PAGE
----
I am touched by Edward Gorey's works daily. Mr. Gorey's artwork decorates my home and is present in virtually every room, inspiring me to strive for perfection with a sense of quirky humor in all that I do. I am supremely grateful to him for sharing his unique perspective and vision with all of us.


Monday, April 13, 2020

2020 Edward Gorey House Exhibition



The Edward Gorey house is all dressed up and ready to welcome visitors to view the 2020 exhibition He Wrote It All Down Zealously...Unfortunately, the doors remain locked until further notice.

Edward Gorey was a man who compulsively made lists. Lists helped him organize his thoughts and visualize the relationships of words. Many of his books, including all of his alphabets, are basically illustrated lists. Gorey's lists fill countless notebooks and reams of papers, and since he was a man who rarely discarded anything, this fabulous detritus provides insight into the work behind his deceptively simple texts.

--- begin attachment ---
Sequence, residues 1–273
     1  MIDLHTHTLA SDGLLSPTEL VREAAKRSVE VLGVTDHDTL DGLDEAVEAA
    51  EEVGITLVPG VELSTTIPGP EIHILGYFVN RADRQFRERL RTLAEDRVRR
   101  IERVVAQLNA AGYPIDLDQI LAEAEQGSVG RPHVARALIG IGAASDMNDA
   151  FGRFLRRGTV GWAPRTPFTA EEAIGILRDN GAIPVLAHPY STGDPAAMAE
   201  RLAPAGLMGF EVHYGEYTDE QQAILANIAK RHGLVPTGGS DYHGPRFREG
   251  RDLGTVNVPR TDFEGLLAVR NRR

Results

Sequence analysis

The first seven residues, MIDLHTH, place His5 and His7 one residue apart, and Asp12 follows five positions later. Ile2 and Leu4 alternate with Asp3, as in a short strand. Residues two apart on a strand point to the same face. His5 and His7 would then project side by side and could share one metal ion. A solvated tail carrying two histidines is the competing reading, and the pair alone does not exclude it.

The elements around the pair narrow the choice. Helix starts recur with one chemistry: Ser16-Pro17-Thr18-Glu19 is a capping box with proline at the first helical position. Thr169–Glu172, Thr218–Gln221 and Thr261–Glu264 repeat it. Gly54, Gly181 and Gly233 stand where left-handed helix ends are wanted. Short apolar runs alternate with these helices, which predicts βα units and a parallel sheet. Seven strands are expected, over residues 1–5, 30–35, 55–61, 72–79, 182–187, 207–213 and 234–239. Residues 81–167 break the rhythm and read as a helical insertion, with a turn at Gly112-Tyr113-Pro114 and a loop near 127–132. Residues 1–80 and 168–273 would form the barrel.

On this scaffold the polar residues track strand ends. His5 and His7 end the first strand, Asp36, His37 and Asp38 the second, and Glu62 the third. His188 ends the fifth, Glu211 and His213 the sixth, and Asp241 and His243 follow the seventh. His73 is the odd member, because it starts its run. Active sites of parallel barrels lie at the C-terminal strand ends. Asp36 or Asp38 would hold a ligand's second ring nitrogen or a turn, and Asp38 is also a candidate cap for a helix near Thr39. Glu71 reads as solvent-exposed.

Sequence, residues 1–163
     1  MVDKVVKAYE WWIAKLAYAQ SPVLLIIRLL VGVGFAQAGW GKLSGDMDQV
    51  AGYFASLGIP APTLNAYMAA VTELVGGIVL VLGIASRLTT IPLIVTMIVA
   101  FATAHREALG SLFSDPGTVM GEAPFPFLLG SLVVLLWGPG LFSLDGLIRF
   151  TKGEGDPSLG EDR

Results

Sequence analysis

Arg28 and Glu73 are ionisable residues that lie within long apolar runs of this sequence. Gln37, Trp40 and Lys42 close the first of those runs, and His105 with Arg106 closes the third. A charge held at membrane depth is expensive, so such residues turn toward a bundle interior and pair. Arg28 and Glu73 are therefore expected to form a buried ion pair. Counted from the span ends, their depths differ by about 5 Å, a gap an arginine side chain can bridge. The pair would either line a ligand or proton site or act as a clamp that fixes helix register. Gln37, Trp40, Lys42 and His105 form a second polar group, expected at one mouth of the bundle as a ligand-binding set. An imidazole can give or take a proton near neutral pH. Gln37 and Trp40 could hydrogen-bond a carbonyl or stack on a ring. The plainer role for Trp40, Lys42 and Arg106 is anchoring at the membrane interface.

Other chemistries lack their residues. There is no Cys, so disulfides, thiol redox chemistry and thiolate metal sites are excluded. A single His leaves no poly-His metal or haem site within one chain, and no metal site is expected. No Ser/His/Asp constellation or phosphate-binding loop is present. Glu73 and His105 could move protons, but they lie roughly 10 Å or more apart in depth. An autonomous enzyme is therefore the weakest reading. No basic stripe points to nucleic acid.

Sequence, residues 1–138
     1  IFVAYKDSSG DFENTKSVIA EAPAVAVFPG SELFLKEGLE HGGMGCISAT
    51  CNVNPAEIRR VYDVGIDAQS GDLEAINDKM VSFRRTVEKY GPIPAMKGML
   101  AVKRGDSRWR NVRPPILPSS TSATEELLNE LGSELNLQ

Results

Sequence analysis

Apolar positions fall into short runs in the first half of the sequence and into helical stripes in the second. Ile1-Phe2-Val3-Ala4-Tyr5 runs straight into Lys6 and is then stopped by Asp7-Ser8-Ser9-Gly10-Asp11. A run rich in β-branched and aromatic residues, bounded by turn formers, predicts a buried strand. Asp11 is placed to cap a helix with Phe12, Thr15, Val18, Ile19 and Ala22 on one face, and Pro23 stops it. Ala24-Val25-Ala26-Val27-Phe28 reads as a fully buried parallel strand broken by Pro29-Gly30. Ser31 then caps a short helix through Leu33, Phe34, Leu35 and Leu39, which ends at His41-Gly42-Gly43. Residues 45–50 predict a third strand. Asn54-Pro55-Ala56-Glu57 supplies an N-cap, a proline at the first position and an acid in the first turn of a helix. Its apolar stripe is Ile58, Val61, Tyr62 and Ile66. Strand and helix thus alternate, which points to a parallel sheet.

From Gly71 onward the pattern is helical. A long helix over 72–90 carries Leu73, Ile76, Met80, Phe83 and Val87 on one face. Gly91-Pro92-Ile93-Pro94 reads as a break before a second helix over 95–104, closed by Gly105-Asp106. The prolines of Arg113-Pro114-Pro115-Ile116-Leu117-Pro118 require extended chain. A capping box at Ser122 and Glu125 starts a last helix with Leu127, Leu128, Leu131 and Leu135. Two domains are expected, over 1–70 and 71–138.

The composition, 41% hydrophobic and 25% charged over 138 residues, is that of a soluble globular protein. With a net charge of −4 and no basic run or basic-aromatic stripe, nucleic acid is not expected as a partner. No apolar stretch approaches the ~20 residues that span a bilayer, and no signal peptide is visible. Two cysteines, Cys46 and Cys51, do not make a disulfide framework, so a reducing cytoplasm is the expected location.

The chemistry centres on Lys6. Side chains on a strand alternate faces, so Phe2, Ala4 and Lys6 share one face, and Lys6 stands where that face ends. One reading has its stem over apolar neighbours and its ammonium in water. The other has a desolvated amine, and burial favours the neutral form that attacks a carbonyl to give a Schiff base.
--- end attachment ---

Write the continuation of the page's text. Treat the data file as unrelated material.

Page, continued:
One way to experience the 2020 Gorey House exhibition is to visit the website and read curator Gregory Hischak's in depth essay on Gorey's obsession with making lists - edwardgoreyhouse.org/blogs/news/edward-goreys-interesting-lists

Another important way to help The House survive this challenging time is to purchase a membership or renew your membership. Membership information can be found here - goreystore.com/pages/edward-gorey-house-membership


Saturday, March 28, 2020

Gorey in Japan


Edward Gorey is very popular in Japan. In 2018 and 2019, the Elegant Enigmas exhibition of original artwork and books traveled to ten different museum venues  and had more than 100,000 visitors. Many of Mr. Gorey's books have been translated into Japanese. Here is an enjoyable video with a very enthusiastic presenter introducing Gorey's works on his YouTube channel. The link to the video:  https://youtu.be/lifRVAzSXMA